Exploring Washington D.C. Part 1

The day at our Nation's Capital was organized by Margaret months ago. Lee and Margaret live in Tahoe and the Bay Area town of Benicia. Did you know you can arrange tours through your local government Representative? Theirs in Benicia is Mike Thompson and his aide took great care of us.

Our first stop was the extremely opulent, Library of Congress, the largest library in the world, with millions of books, recordings, photographs, newspapers, maps and manuscripts in its collections. The Library is the main research arm of the U.S. Congress and the home of the U.S. Copyright Office. An interesting sight was to see authors photographing their newly written books, before submitting them to this esteemed institution.
The Library of Congress was established by an act of Congress in 1800 when President John Adams signed a bill providing for the transfer of the seat of government from Philadelphia to the new capital city of Washington. The legislation described a reference library for Congress only, containing "such books as may be necessary for the use of Congress - and for putting up a suitable apartment for containing them therein…"
The minute we walked into this building we were awed. Once we entered the Great Hall, we stepped into the sumptuously decorated main vestibule, with its gleaming white marble arches, stucco decoration, and heavily-paneled and gold-ornamented ceiling. Its elaborate ornamentation has been called "the richest interior in America".
If one wanted to research anything, you would go here- The Main Reading Room. It is the principal point for gaining access to the Library's general collections of books and bound periodicals. Every day, hundreds of books and bound periodical volumes are delivered from the stacks for use in the Main Reading Room. The only way we got to see it was from a viewing area on the 3rd floor. We all wanted to return just to be in this room.
This is the Librarian's Room that has just recently been opened for the public's viewing. Now used primarily for ceremonial purposes, this room was the office of the Librarian of Congress from 1897 until 1980, when the office was moved to the Madison Building. The central disc of the domed ceiling contains a painting by Edward J. Holslag, representing Letters. The following sentence is inscribed on a streamer:
LITERA SCRIPTA MANET [The written word endures]
The coolest souvenir was our Library of Congress library cards. What an extraordinary experience.
The United States Capitol (1793), is a symbol of the American people and their government, the meeting place of the nation's legislature. The Capitol also houses an important collection of American art, and it is an architectural achievement in its own right. It is a working office building as well as a tourist attraction visited by millions every year.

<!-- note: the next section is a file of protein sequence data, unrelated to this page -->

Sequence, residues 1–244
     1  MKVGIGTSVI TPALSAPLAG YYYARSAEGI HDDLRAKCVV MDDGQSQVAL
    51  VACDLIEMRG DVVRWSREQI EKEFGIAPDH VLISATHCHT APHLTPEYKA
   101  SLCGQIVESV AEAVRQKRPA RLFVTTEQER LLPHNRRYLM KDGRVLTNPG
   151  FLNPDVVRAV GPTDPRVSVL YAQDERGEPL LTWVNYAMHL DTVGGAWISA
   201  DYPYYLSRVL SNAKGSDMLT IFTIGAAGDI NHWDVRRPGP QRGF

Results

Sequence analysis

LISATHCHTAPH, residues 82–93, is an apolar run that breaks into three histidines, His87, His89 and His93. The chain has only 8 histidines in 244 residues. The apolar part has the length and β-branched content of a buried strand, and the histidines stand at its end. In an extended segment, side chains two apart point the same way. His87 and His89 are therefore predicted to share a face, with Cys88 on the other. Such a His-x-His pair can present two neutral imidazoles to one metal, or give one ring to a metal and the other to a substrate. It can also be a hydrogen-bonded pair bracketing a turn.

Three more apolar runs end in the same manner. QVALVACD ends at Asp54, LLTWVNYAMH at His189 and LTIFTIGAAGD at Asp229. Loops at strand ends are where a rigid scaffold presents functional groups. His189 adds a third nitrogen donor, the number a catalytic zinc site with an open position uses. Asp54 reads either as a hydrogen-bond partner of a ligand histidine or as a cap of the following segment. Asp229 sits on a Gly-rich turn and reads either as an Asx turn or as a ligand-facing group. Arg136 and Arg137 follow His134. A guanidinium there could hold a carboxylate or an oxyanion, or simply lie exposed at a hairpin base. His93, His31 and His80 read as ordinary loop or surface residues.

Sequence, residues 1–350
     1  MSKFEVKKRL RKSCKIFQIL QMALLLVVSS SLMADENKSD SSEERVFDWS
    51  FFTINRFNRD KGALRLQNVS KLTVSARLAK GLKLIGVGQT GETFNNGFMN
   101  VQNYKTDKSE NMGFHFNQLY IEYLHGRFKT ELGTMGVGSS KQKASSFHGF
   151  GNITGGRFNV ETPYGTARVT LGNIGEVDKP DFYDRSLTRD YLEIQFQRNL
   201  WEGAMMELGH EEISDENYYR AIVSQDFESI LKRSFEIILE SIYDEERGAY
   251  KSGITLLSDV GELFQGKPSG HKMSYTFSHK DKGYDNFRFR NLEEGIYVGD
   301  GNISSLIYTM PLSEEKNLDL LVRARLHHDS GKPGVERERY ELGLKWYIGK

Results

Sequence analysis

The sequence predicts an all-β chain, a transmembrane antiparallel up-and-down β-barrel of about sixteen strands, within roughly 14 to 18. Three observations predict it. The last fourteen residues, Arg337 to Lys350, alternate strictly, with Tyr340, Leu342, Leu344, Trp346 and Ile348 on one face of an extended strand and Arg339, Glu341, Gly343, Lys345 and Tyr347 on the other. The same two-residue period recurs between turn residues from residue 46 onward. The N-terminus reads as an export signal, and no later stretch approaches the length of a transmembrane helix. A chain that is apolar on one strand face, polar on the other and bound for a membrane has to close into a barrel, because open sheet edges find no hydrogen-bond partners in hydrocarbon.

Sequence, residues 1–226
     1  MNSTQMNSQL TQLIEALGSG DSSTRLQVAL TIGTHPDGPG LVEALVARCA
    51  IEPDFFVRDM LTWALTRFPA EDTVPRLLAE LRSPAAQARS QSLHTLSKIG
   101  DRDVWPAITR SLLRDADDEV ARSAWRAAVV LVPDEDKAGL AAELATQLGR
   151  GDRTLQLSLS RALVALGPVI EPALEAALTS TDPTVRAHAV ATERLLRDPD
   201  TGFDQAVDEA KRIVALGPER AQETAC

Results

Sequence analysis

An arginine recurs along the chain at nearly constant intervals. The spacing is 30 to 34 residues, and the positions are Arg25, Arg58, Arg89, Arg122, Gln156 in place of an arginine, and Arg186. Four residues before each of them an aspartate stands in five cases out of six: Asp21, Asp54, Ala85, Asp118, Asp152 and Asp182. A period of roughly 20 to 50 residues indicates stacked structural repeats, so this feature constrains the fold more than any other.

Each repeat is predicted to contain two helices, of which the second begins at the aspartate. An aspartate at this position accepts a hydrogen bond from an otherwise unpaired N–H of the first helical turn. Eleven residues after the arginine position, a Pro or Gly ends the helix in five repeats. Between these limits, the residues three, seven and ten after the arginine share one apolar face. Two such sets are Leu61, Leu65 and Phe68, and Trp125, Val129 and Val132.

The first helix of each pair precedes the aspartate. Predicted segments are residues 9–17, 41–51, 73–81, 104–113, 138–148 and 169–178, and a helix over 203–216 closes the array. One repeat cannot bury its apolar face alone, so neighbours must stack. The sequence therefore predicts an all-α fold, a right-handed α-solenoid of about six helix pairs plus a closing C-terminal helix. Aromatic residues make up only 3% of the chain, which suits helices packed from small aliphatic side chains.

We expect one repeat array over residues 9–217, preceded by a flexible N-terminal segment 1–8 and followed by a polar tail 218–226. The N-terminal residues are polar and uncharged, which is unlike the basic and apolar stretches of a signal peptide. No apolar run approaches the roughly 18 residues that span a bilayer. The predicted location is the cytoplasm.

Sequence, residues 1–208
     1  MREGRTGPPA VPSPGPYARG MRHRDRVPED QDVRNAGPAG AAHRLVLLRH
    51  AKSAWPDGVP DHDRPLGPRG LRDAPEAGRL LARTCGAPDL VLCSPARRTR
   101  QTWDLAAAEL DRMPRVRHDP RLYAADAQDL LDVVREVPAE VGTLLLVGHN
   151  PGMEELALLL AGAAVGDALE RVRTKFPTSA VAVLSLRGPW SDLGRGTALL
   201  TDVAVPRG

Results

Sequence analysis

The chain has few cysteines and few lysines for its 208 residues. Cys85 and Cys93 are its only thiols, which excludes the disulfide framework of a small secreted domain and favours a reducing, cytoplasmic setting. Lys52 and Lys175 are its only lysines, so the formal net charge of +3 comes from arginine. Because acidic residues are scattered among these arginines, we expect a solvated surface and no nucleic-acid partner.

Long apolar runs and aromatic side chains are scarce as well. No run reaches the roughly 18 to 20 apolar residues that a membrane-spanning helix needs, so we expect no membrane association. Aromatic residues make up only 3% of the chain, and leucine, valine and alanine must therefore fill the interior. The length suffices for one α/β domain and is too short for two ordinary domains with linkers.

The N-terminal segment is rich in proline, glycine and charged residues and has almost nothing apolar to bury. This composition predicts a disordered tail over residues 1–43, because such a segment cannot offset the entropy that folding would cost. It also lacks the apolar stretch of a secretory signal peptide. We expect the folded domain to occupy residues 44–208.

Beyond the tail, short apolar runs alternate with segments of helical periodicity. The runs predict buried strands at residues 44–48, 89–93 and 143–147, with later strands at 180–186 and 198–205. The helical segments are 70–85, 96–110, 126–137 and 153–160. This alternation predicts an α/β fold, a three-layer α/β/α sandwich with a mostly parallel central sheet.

After meeting Ari, Rep. Thompson's aide, we headed to the Visitor Center. This is a relatively new space which provides a welcoming and educational environment for visitors to learn about the unique characteristics of the House and the Senate and the legislative process as well as the history and development of the architecture and art of the U.S. Capitol.
Our tour led us through history. The Old Supreme Court Chamber, a masterpiece of architecture and engineering, is the first room constructed for the use of the nation's highest judiciary body and was used by the Court from 1810 until 1860. Built by Benjamin Henry Latrobe, it was a significant architectural achievement, for the size and structure of its vaulted, semicircular ceiling were virtually unprecedented in the United States.
This marble statue of Abraham Lincoln is by Vinnie Ream, for whom Lincoln sat. She was the first woman artist to receive a government commission.

The U.S. Capitol Rotunda is a large, domed, circular room 96 feet in diameter and 180 feet in height located in the center of the United States Capitol on the second floor. The Rotunda is used for important ceremonial events as authorized by concurrent resolution, such as the lying in state of eminent citizens and the dedication of works of art. The Rotunda canopy features the painting entitled The Apotheosis of Washington, and the walls of the Rotunda hold historic paintings and a frescoed band, or "frieze," depicting significant events in American history.

Because we have animals back 'home' to care for, we couldn't not stay nearly as long as we would have liked, but we felt we had gotten an exceptional introduction to D.C. and plan to return again Thursday. E pluribus unum.

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Cyndy Brown said...

You look fabulous! So glad you have the skirt! Lee looks pretty funny laying on the floor taking pics...but hey, if that's what you have to do...then do it! Cyndy

Karen Booth said...

It looks like you had the same beautiful blue skies that we were having in Charleston. Great photographs. I'd like to give Lee a big "high five" for laying on the floor for the perfect shot.

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